With the Tories far ahead of Labour in the polls (and about to gerrymander themselves out of sight), there is no way that UK-EU relations are going to return to anything better than a lower yet persistent level of sniping. Politicians in the rest of the EU would like the UK to return to something like pre-Iraq Blair style relations with European partners – but that sort of more constructive relationship is not on offer, even in the medium term. And that is all before the consistent and intense antipathy to the European Union of the British press is taken into account – no other country’s media is as ferocious in its opposition to the EU as Britain’s (and even Boris himself was instrumental at the start of it).
So that is the UK side of the conundrum. What about the European Union side? As Chris Kendall says in his post about the Brexit issue, “As a European, I see nothing to be gained for our collective wellbeing by further handicapping the European Union simply in order to appease one Member State.”
The European Union faces a series of pressures and crises, and the UK’s contribution to help solve these is at best negligible, and at worst destructive. The refugee crisis, war in Syria, the crisis in Ukraine and the threat from Russia, coping with the fallout from the financial crisis and Greece in the Eurozone – on all of these the UK has whined from the sidelines. Furthermore these issues are intensely political – they cannot be solved in the sort of laissez-faire, loose market-only union that the UK publicly advocates. As former French Prime Minister Rocard has argued, some sort of restart of the political integration process in the European Union that these challenges urgently require can only be achieved if the UK leaves.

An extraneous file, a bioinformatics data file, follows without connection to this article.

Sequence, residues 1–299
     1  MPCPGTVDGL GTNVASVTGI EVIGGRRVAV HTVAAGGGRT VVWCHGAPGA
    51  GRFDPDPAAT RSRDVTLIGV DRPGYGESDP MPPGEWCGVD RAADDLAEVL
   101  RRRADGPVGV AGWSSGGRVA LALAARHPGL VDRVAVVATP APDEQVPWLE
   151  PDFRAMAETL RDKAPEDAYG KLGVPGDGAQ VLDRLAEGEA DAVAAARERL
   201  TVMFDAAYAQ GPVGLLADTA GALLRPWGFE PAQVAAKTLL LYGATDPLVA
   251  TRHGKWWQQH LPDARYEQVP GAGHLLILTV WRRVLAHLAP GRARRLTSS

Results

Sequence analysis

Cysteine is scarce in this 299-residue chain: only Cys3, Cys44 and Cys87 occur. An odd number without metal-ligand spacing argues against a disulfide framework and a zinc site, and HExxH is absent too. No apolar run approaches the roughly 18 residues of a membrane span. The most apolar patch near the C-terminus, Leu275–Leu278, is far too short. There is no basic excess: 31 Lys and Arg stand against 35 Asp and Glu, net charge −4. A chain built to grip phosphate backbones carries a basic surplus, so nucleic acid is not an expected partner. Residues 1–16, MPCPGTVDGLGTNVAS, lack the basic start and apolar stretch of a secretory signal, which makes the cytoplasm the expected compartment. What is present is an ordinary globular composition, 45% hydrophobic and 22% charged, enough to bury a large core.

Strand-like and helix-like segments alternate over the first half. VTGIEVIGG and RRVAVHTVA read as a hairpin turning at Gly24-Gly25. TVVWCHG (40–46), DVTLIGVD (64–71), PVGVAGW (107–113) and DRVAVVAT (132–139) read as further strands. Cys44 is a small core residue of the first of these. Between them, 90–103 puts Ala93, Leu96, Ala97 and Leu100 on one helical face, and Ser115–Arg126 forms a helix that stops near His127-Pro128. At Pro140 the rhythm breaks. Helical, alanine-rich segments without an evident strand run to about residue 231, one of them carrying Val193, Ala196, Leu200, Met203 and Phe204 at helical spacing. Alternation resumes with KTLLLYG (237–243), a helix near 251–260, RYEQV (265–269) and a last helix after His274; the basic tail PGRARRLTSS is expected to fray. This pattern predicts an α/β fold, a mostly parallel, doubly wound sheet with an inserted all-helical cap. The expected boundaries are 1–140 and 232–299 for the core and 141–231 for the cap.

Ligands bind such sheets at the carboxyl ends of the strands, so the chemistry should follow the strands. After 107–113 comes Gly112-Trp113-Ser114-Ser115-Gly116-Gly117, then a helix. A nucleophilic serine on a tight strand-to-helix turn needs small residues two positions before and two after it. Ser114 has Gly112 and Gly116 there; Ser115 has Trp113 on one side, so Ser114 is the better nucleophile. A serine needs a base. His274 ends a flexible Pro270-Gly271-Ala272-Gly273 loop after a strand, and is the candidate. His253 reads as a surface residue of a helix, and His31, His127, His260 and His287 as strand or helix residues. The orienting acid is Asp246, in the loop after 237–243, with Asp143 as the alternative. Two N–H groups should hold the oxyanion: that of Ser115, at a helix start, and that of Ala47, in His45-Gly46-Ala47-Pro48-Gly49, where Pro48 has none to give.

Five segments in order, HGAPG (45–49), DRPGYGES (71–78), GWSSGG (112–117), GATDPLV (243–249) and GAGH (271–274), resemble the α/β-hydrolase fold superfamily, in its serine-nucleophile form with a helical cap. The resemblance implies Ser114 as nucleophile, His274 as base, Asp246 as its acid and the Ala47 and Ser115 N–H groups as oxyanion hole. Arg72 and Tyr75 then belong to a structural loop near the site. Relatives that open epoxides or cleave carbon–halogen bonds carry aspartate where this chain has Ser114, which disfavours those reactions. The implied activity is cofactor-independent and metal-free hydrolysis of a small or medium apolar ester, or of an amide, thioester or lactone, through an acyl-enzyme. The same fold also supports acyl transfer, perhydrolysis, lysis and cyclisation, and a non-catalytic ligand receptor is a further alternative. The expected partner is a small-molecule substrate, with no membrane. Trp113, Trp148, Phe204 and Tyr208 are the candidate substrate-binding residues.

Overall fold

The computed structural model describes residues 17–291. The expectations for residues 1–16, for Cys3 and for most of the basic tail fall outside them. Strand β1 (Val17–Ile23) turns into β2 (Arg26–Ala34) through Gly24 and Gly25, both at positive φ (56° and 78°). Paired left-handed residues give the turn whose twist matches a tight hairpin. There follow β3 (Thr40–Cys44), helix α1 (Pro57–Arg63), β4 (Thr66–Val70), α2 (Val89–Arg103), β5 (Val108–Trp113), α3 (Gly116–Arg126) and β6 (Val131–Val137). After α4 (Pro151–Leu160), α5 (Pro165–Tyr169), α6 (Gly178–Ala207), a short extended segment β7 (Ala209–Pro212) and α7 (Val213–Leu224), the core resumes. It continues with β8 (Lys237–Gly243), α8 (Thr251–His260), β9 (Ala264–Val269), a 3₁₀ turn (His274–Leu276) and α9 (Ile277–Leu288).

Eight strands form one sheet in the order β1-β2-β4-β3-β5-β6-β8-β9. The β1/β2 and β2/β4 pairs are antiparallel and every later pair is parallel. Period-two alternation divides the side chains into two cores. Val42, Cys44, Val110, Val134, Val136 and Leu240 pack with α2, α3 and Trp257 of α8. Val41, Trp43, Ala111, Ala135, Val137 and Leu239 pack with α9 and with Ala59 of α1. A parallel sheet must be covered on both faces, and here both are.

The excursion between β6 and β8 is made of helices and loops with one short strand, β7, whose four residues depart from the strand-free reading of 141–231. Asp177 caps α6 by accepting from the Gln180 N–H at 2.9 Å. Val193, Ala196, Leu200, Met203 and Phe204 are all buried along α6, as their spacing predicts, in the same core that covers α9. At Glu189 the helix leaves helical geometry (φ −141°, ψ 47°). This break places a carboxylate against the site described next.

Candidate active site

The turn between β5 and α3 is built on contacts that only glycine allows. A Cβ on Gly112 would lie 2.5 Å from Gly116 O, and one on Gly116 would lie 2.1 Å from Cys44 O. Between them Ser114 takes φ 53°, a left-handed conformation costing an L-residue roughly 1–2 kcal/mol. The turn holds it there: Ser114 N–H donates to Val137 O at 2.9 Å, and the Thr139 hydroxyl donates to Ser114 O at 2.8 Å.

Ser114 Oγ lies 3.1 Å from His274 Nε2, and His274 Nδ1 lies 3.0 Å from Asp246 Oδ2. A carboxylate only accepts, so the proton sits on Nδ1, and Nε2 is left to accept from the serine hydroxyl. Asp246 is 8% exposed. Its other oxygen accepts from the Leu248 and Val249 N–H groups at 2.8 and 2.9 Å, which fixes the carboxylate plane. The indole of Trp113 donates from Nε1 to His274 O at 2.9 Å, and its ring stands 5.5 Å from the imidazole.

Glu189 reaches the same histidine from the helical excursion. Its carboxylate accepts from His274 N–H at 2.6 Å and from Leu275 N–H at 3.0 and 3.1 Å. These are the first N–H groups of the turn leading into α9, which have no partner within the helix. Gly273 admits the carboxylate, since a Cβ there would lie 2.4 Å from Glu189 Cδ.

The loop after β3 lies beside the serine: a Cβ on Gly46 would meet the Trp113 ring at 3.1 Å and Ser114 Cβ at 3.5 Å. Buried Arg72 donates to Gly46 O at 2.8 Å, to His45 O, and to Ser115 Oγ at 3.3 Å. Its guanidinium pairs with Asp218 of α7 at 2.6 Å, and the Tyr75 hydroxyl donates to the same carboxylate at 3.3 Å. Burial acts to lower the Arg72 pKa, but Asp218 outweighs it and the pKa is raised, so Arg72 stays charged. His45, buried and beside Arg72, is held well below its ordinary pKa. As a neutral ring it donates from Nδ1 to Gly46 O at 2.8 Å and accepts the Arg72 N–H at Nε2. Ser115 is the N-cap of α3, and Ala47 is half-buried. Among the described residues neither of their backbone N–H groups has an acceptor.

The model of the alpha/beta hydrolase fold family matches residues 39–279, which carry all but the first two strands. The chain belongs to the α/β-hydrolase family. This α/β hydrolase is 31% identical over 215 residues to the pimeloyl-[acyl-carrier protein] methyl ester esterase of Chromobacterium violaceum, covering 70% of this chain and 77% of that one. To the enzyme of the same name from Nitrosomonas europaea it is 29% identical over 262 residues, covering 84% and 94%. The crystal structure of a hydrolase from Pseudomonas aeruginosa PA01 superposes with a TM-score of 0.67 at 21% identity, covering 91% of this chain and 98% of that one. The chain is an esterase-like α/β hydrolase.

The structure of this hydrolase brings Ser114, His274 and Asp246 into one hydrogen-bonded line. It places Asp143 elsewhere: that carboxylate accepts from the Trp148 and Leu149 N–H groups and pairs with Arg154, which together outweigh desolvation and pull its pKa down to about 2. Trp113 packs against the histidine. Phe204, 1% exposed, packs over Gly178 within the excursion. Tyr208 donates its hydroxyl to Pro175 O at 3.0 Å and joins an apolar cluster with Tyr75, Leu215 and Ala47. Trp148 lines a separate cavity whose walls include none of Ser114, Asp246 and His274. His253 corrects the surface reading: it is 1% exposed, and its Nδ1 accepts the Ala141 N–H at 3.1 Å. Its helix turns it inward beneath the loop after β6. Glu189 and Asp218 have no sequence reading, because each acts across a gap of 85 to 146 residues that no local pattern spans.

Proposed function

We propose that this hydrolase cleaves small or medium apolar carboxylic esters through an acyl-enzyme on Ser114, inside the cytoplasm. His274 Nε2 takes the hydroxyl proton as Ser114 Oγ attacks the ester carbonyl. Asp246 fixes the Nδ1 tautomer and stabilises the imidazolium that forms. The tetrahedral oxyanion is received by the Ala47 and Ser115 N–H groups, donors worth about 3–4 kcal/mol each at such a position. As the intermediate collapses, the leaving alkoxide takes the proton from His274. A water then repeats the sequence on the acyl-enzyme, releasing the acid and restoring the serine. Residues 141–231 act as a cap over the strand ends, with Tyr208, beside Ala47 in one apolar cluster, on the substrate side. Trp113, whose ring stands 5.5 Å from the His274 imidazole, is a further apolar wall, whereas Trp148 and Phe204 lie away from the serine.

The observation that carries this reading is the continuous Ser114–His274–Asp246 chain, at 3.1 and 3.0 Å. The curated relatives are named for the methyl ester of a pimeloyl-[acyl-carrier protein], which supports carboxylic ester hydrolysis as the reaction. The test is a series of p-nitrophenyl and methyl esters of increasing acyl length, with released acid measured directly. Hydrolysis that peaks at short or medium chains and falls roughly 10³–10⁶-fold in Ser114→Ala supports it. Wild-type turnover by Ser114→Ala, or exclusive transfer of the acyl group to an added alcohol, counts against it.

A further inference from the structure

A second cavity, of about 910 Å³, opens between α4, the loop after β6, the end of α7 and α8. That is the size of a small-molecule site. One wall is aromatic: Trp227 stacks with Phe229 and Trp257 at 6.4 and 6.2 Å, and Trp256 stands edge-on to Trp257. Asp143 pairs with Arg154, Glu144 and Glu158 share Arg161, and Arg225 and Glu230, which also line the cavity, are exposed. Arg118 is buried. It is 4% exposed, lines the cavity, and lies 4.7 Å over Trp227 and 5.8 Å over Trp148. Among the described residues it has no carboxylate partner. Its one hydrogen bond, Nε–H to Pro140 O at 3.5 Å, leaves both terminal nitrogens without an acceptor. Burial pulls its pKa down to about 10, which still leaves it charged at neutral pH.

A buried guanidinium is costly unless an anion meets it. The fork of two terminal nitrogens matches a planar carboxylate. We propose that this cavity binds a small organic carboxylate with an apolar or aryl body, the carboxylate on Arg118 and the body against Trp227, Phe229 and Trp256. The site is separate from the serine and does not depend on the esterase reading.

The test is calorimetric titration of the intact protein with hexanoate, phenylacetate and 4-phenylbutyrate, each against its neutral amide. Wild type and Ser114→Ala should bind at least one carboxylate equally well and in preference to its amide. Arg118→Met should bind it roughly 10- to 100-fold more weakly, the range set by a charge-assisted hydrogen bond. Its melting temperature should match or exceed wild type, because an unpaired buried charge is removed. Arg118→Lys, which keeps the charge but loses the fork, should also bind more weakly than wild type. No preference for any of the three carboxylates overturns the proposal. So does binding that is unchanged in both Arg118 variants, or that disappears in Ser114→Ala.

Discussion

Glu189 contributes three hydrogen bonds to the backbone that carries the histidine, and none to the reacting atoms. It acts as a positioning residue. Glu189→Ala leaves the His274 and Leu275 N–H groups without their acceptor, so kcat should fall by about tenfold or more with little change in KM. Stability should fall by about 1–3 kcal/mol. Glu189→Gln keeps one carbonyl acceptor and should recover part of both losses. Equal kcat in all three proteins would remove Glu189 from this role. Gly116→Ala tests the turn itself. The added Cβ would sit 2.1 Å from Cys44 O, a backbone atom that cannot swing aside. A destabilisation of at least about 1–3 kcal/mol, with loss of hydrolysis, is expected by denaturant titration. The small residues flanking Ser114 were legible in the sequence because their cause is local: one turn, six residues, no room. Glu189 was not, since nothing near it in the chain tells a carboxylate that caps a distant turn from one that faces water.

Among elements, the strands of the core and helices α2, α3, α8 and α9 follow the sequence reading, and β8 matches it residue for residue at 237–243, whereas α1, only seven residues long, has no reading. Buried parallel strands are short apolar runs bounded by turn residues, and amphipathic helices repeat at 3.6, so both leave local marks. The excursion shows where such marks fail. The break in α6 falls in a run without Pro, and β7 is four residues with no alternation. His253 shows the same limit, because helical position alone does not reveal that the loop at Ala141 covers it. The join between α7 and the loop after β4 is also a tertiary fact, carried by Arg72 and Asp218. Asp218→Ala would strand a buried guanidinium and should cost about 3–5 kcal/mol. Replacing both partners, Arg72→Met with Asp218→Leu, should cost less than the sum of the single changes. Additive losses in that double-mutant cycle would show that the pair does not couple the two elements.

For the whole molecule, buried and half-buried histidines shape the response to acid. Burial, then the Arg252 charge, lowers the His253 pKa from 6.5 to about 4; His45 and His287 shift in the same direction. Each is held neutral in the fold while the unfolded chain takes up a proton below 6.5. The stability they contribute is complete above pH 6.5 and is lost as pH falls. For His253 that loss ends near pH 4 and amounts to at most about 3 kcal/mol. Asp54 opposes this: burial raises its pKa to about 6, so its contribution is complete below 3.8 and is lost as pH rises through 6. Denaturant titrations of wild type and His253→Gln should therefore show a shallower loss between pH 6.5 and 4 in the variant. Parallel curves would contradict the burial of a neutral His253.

The retort to Rocard may of course be that the populist parties in his native France and indeed elsewhere mean his vision cannot become a reality, but nowhere but the UK is the major current party of government so opposed to political integration as in the UK. Eurobarometer also tends to indicate that Europeans are not opposed to EU-wide solutions to pressing political problems. Why not, as Paul de Grauwe argues, let the UK leave, go through the pain of negotiating a trade deal to give them the trade they say they want with the EU, but then with the UK outside restart the advancement of a more political union?
The UK outside the EU would also, in time, have an impact on how the EU institutions work – it was notable that in Cameron’s renegotiation he views parliamentary democracy as only being possible nationally (hence his red card for national parliaments demand), and last decade the Treaty of Lisbon ended up with a permanent President of the European Council (and intergovernmental body) thanks to the pressure from the UK. More recently Cameron ‘vetoed’ Fiscal Compact in 2011, and the UK was mostly absent from the Spitzenkandidat process, before Cameron then thought he could veto Juncker – and failed. Making the EU institutions more federal and more democratic should hence be an easier task without the UK in the EU.
Brexit might also help the EU be more progressive. As Green MP Caroline Lucas writes in The Spectator, “It is the EU which is introducing caps on bankers’ bonuses, stronger action on tax evasion and avoidance, and more lobbying transparency. Even on the Transatlantic Trade and Investment Treaty, it is David Cameron who is the loudest cheerleader, and our European neighbours (3 million of whom have signed a petition opposing TTIP) who offer us the best chance of defeating it.” Put another way, it is the EU that is a force for some more progressive policies that could impact the UK, while Cameron and the UK government resists these. On environmental protection issues as diverse as NOx emissions and the power of kettles, the chances of the EU being greener depend on the UK not arguing for the contrary. Meanwhile Cameron is a major cheerleader for the EU’s deregulation agenda.
So that is the progressive and federalist case for Brexit. The EU would have a better chance at advancing progressive policies, and democratising itself, without the UK in it. For even if the UK were to vote to remain in the EU, such a vote is not going to set UK-EU relations on an even keel. Hence the rest of the EU should think like Rocard and De Grauwe and advocate Brexit, for the EU’s own sake.